An elementary kinematic analysis of large chord-radius ratio (c/R) vertical axis wind turbines was performed and a small two-bladed model turbine (0.4c/R0.6) was built and tested. The analysis shows that these machines operate at low blade-speed/wind-speed ratios and hence the blades experience large changes in angle of attack, that produce dynamic stall, together with large dynamic pressure variations, that are phase-shifted by approximately 90°. This raises the possibility of exploiting dynamic lift overshoot effects (associated with formation of a dynamic stall vortex) to drive the turbine when the relative dynamic pressure is high, while allowing lift-stall to occur (shedding of the vortex) when the relative dynamic pressure is low. Blades also experience variable virtual camber (or “virtual morphing”) effects and favorable pressure gradients, where the former produces a virtual dynamic leading-edge droop that reduces the leading-edge angle of attack. Open jet wind tunnel tests of the model turbine revealed maximum power coefficients of 16% that were independent of c/R. Flow visualization confirmed the conjecture that dynamic stall, with the associated dynamic stall vortex, is the mechanism that drives the turbine to maximum power. Due to the lack of reliable design tools for these machines, either empiricism and dimensional analysis or high-fidelity CFD are proposed for optimization and analysis.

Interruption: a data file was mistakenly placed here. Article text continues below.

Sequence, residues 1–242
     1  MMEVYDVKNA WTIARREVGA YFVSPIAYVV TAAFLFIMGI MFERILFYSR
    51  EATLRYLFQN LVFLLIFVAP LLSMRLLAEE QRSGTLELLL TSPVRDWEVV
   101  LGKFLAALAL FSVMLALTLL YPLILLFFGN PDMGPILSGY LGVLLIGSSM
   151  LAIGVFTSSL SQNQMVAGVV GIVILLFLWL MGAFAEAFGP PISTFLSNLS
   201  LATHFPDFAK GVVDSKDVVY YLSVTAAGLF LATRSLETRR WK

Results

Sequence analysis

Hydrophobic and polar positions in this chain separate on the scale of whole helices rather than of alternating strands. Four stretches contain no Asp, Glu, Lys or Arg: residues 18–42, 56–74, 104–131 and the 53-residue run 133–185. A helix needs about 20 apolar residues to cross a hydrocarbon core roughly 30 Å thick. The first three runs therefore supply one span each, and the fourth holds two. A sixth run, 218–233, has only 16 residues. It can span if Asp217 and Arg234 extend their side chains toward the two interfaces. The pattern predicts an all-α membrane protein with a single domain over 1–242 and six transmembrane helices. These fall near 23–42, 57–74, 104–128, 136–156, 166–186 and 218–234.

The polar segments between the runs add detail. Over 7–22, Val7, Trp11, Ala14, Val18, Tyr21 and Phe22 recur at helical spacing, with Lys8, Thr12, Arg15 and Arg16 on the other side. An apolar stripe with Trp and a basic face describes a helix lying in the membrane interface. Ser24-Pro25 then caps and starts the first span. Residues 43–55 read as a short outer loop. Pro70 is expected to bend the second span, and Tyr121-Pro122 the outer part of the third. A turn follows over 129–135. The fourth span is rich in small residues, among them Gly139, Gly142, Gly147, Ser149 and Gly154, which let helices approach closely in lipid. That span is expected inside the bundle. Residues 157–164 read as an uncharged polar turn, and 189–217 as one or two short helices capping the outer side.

|Title of host publication||AIAA Scitech 2020 Forum|
|Number of pages||9|
|Publication status||Published - 5 Jan 2020|
|Event||AIAA SciTech Forum - Hyatt Regency, Orlando, United States|
Duration: 6 Jan 2020 → 10 Jan 2020
|Conference||AIAA SciTech Forum|
|Period||6/01/20 → 10/01/20|